Calculation of the fan rotational speed based on flyover recordings for improving aircraft noise prediction models

Research output: Chapter in Book/Conference proceedings/Edited volumeConference contributionScientificpeer-review

Abstract

The enforcement of noise control regulations around airports depends on the estimations of aircraft noise prediction models. Current best–practice noise contour calculation methods assume default engine thrust values depending on the engine type and the altitude of the aircraft. These prediction tools provide a single noise level for a certain aircraft type in a certain flight phase and at a specific distance from the observer. In practice, however, changes in the thrust occur and cause variations in the noise levels of several decibels. In this paper, an approach is presented to estimate the fan rotational speed N1% (and hence the thrust) directly from flyover audio recordings. This method estimates the blade passing frequency (BPF) of the fan by searching its characteristic tonal peak (and its higher harmonics) and accounting for the Doppler effect. This method was applied to more than 400 measurements of Airbus A330–300 aircraft. The results show a significant correlation between the recorded noise levels and the fan rotational speed, explaining up to 43% of the variability in noise levels. Considering the calculated N1% values in the noise prediction models notably increases the agreement of the estimations with the recorded noise levels.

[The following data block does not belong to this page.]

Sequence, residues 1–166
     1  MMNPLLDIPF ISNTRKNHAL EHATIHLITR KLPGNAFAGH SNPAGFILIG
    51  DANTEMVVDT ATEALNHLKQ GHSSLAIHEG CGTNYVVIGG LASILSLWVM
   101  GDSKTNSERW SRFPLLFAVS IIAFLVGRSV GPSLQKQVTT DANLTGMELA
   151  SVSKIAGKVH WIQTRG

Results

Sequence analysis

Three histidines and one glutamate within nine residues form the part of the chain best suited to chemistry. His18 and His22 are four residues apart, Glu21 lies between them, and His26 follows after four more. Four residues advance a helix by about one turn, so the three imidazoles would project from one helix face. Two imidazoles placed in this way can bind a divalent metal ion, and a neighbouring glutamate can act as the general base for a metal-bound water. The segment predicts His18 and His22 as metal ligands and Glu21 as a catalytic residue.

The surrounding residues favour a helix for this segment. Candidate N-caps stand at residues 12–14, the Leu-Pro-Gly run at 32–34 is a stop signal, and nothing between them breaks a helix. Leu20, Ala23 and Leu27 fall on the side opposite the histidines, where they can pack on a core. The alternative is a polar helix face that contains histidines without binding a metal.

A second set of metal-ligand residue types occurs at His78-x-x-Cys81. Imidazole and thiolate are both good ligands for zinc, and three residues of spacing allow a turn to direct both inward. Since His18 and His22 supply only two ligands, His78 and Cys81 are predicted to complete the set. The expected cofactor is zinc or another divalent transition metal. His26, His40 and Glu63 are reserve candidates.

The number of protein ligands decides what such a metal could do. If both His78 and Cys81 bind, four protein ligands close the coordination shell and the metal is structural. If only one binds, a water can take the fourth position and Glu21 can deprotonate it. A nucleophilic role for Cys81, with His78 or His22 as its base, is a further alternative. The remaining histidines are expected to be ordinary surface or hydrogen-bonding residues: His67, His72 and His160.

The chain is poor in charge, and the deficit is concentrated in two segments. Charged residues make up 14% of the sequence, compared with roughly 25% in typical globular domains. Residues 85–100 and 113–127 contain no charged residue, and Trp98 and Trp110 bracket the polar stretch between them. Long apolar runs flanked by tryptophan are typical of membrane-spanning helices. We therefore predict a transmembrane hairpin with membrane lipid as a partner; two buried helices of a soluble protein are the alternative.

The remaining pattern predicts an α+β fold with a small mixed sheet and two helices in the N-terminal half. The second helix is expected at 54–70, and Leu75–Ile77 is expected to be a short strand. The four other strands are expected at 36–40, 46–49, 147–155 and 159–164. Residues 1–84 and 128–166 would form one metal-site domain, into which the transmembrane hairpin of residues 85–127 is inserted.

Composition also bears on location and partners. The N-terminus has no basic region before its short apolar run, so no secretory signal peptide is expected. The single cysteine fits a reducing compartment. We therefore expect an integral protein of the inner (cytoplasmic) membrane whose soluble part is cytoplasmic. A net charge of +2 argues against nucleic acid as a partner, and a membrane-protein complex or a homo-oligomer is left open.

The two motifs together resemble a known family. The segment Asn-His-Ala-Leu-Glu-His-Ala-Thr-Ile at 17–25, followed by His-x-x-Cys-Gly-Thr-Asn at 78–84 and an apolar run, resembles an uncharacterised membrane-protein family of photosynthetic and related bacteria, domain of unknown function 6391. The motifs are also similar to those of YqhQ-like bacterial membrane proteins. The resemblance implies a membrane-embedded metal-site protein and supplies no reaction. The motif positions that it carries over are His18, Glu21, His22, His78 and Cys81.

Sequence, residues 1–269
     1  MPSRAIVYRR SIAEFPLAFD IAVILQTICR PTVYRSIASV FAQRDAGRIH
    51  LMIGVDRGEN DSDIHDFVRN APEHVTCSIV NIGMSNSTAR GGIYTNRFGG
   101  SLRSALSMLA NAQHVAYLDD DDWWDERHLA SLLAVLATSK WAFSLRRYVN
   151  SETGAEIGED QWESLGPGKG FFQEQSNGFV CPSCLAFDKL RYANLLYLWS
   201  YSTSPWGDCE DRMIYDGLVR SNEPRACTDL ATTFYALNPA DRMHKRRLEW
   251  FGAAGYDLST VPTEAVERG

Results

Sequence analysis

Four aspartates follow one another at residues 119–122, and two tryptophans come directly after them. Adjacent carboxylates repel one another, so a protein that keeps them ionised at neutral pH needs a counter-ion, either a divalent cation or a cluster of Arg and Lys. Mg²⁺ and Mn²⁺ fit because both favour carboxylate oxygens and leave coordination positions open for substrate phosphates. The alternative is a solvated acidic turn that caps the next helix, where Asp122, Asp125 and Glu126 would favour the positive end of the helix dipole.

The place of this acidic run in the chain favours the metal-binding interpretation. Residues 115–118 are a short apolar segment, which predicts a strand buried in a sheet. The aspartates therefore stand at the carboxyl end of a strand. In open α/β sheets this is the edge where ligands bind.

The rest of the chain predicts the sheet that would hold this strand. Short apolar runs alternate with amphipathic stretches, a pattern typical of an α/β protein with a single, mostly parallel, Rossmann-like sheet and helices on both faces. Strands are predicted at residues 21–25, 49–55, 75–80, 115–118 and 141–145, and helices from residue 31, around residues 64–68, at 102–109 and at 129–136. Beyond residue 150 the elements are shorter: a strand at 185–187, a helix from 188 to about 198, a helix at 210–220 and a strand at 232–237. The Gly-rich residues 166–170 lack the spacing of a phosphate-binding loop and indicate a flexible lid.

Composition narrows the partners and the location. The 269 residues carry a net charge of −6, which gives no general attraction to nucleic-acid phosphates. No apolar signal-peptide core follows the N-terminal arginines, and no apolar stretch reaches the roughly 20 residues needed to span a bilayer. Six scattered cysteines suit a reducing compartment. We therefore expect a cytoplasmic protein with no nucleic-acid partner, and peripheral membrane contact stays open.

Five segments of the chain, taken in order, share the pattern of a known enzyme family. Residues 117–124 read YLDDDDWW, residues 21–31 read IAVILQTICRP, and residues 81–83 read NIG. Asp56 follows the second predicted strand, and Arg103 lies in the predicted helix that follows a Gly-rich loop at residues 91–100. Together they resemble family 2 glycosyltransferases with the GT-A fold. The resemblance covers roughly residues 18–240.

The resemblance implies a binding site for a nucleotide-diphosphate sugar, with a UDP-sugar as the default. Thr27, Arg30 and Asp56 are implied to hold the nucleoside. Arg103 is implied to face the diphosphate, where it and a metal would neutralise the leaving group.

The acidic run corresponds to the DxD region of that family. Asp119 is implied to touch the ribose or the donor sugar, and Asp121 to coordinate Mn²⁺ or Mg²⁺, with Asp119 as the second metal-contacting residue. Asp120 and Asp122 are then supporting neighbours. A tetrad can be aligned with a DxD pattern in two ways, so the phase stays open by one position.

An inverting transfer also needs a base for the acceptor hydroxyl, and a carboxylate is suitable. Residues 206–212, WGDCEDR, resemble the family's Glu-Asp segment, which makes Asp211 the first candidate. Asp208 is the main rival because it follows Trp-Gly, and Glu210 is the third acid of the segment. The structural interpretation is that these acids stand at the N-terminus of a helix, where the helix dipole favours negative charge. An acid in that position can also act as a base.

Original languageEnglish
Title of host publication23rd International Congress on Acoustics, 9-13 September 2019. Aachen, Germany
Number of pages8
ISBN (Electronic)978-3-939296-15-7
Publication statusPublished - 2019
EventICA 2019: 23rd International Congress on Acoustics - Aachen, Germany
Duration: 9 Sep 201913 Sep 2019

Conference

ConferenceICA 2019: 23rd International Congress on Acoustics
CountryGermany
CityAachen
Period9/09/1913/09/19

Fingerprint Dive into the research topics of 'Calculation of the fan rotational speed based on flyover recordings for improving aircraft noise prediction models'. Together they form a unique fingerprint.

  • Cite this